Issue 61 (2018)

Zhanna Issabaeva: Sveta (Kazakhstan, 2017)

reviewed by Andrew Chapman© 2018

Zhanna Issabaeva’s Sveta is a dark, unyielding picture that presents what becomes of life when money and self-sustenance are placed at the forefront of all decision making. Issabaeva’s film explores life on the margins of contemporary Kazakh society, where both families and state-run family surrogates fail to adequately nurture those who need care the most: the disabled and the orphaned. The film depicts a hearing-impaired mother, Sveta, who works at a textile workshop that employs those in the deaf community. At the onset of the film, we learn that Sveta and her family are behind on mortgage payments and are in danger of losing their flat to the bank. We also find out that half of Sveta’s workshop will be let go, including its most senior and educated foreman: the title character. Sveta quickly resolves to fix her problems by killing the remaining foreman, Valia; later she schemes to poison her husband’s grandmother, so that she can rent the vacated apartment and get out of debt.  

sveta Like almost all scenes in the film, the initial exposition of the plot plays out very matter-of-factly. The layoffs are announced by the boss. The firing of workers will be determined by seniority, whereas the firing of the foreman is admittedly driven by the pity of the boss. He relates to everyone that it was easier to fire Sveta, as she has a working husband and owns an apartment, while her colleague Valia is a single mother. Although there is conflict between Sveta and her boss about the decision not being fair, the film does not harp on injustice in society. Life at the workshop will not be interrupted and the film pays little attention to those fired.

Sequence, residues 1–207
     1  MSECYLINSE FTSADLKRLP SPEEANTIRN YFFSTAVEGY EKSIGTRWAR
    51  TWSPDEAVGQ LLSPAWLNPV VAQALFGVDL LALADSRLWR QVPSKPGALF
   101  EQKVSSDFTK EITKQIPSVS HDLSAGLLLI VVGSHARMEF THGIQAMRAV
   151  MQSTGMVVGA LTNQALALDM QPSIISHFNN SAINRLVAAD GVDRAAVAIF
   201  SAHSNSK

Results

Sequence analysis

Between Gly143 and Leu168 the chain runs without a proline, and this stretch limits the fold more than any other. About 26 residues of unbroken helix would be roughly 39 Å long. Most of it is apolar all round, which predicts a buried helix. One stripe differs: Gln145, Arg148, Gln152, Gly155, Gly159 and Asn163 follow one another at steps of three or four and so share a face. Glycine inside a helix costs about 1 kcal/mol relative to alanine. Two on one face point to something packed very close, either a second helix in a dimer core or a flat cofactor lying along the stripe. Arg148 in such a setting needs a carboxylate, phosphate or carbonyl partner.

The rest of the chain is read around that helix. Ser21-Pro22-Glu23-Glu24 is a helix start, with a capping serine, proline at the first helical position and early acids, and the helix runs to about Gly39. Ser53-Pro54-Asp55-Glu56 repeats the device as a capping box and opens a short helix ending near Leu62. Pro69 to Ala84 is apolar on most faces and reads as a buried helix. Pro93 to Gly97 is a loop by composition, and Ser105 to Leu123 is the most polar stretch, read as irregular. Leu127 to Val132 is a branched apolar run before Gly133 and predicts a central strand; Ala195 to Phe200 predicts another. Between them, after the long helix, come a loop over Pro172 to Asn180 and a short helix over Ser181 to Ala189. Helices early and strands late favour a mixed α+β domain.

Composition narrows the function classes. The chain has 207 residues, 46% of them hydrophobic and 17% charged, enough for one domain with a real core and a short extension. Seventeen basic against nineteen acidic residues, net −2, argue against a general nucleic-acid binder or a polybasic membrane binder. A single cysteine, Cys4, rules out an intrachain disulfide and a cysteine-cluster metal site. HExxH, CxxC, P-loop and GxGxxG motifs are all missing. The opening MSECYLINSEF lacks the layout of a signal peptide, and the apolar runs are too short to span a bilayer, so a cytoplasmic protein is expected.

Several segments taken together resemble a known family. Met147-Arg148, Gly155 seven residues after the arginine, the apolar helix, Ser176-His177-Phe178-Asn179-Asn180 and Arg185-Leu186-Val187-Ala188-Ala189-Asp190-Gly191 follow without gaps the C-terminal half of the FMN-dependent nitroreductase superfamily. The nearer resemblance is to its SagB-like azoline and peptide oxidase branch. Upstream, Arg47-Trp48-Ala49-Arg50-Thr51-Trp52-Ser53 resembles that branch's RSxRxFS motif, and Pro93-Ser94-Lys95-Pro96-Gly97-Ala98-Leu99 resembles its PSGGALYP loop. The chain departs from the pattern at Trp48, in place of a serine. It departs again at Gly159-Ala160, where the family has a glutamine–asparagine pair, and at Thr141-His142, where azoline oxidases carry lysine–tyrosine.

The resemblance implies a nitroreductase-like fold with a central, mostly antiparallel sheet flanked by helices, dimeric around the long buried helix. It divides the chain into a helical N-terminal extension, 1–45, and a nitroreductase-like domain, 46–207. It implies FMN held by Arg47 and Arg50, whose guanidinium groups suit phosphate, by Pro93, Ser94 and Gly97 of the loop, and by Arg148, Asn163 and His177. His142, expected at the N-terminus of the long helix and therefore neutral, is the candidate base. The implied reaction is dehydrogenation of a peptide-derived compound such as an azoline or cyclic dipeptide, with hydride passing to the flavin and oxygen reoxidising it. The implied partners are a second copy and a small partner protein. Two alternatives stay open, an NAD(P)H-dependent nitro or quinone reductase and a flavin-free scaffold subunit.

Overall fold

From these opening scenes, the viewer learns to adapt to the film’s unconventional means of generating drama. In the workplace scenes, the characters are hardly developed, so it is difficult to draw out any conflict between personalities. Likewise, the film does not utilize standard melodramatic cues such as the inclusion of a musical score, nor does it rely on any non-diegetic sound effects. In the opening scenes, the firing of workers plays out in relative silence, as the viewer hears the quiet drawl of the textile machines in the background.  

Many of the film’s reviews and festival marketing synopses focus solely on the characters’ acting and their use of Russian sign language, prioritizing their performance and making the use of signing the dominanta of film analysis. For example, a review in Screen Daily opens by stating that “Actions speak louder than words in Sveta, by necessity” (Ward 2017). Indeed, the characters in the film (many of whom are skillfully played by amateur deaf actors) entirely communicate in Russian sign language (subtitled), apart from a few select moments in which the audience hears spoken Russian. Evaluating the film solely from the acting performances and use of sign language, however, does a disservice to Issabaeva’s direction and production, which creates new visual reference points to guide the viewer through the silent drama—and not from the necessity to make up for a lack of spoken dialogue.

Festival reviews also are similar in comparing the film to classic plays or novels, with the aforementioned Ward linking the film’s themes to Lady Macbeth. Another synopsis for the Thessaloniki International Film Festival likens Sveta to a “modern Crime and Punishment,” undoubtedly comparing Sveta’s resolute actions with Raskol'nikov’s rationalization and execution of the murder plot. Both of these observations are apt, as they take us beyond a perceived dichotomy of thought vs. action or the common notion of “talk” being a form of inaction. Sveta shows us from the outset how easily murder can be committed, with little rumination, whereas its aftermath takes a psychological toll on the perpetrator.